THE LITTLE RED BOOK: For many, this volume of the Elementary Go Series (available from Kiseido and SmartGoBooks) was the book they were waiting for – the book that taught the West how to fight. Rarely a day goes by without someone responding to a query on KGS with the simple directive “Read Attack and Defense”. When your quizmaster did a poll on the best English-language go books, Akira Ishida and James Davies’ effort received many praises. 13 out of 17 of you read the position correctly. As for those who consult his joseki dictionary regularly, you are better players than your quizmaster, for you open your go books and do not simply look at the covers, but a look at the cover of “The Dictionary of Basic Joseki” will show that it was authored by Ishida Yoshio (and translated by John Power). For your information, the two “fors” in sentence one, four and five of this week’s column are for Roland Crowl, who pointed out my egregious grammatical error in last week’s question and missed by my editor. Congratulations to Reinhold Burger of Waterloo, Ontario, Canada, this week’s winner, selected at random from those answering correctly.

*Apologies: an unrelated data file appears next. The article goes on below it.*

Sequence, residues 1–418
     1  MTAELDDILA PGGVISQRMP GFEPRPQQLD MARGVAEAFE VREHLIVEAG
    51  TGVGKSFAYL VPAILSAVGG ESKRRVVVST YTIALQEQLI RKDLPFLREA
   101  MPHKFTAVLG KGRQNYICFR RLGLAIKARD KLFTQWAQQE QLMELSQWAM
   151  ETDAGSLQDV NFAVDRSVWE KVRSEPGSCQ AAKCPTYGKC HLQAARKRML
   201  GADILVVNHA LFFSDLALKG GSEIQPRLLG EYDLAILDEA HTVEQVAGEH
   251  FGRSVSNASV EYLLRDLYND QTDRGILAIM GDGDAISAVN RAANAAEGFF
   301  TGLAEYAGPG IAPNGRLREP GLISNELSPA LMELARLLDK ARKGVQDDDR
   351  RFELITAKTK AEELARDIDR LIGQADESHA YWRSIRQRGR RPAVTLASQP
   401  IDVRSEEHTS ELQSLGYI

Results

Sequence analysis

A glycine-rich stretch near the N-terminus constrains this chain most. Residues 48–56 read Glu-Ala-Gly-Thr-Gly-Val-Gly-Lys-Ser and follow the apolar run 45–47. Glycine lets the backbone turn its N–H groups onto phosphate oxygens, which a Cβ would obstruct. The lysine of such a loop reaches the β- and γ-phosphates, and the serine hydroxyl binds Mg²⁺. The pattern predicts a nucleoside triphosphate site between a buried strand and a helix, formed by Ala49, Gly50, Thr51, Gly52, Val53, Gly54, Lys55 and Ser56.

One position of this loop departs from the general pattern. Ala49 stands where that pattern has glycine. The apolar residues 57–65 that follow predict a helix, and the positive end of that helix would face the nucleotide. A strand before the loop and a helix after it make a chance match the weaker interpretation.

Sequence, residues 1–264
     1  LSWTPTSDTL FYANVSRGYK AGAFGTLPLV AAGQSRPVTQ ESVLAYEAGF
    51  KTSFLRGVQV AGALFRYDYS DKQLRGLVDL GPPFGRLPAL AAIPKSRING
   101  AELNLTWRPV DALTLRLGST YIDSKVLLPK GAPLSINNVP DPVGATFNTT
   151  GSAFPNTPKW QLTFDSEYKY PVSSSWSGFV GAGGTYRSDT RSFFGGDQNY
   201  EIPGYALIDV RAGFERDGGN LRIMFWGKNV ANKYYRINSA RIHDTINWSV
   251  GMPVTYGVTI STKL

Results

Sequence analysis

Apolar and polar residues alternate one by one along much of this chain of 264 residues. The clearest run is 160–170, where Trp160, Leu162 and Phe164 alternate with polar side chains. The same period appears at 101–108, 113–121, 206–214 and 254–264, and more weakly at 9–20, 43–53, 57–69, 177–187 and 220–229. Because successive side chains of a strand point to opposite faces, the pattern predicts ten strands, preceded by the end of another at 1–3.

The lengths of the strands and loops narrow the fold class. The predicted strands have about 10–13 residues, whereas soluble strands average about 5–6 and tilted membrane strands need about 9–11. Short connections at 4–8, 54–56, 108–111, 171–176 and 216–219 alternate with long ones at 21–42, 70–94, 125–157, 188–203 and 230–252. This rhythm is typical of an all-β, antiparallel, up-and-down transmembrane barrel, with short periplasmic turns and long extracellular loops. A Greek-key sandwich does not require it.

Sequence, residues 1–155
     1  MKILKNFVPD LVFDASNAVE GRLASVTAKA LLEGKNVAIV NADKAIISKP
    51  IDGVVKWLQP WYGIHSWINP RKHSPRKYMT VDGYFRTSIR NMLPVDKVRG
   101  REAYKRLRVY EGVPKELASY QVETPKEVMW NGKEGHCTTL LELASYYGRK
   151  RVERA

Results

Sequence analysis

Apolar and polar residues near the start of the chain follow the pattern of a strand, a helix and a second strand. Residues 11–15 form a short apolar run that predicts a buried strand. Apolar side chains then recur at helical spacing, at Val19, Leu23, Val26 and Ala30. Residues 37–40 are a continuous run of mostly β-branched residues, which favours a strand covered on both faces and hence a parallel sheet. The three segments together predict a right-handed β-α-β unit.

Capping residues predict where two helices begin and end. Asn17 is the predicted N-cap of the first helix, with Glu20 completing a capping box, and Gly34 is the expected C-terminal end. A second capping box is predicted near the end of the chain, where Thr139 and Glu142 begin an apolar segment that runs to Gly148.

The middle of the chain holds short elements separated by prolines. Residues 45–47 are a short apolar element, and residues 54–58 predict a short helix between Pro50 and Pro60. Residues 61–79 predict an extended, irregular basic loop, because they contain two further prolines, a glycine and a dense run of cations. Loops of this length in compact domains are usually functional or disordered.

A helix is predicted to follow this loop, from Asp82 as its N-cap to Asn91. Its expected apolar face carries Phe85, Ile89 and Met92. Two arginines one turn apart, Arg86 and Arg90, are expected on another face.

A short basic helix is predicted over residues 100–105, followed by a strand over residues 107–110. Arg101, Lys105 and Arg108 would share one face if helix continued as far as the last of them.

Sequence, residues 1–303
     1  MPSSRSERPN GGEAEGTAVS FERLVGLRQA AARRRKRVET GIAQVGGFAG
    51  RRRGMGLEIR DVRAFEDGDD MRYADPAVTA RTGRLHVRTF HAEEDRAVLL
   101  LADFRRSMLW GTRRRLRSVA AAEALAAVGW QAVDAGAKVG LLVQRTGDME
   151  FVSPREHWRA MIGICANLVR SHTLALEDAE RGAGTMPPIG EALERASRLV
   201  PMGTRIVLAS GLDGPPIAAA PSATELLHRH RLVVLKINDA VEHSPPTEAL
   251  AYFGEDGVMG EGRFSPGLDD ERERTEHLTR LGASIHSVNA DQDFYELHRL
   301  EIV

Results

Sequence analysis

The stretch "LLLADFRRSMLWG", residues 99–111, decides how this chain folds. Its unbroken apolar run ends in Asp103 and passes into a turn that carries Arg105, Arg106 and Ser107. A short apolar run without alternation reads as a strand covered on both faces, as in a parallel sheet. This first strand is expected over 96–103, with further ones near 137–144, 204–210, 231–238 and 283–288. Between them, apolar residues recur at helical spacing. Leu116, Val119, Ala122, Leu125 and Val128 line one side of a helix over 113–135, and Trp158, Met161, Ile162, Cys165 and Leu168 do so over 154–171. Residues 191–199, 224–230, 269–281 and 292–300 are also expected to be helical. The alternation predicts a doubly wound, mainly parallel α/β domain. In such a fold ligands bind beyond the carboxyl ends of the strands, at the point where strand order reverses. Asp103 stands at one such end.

THIS WEEK’S QUIZ: Speaking of polls, this week, in celebration of go’s prominent role on MTV’s Teen Wolf, as covered in the E-Journal, let’s hear from you on what you think is the best Western cultural reference to go. We will limit the answers to English language and it must be something featuring or mentioning go, but not directly about go or go instruction. And it needs to be original – so the obvious choice of Hikaru No Go does NOT qualify. I will judge the best response on such objective criteria as coolness, popularity, appropriateness and correctness of the reference. This can be books, TV, movies, advertising or news events. Click here to submit your nomination; I look forward to hearing from all of you.
- Keith Arnold, HKA, EJ Quizmaster.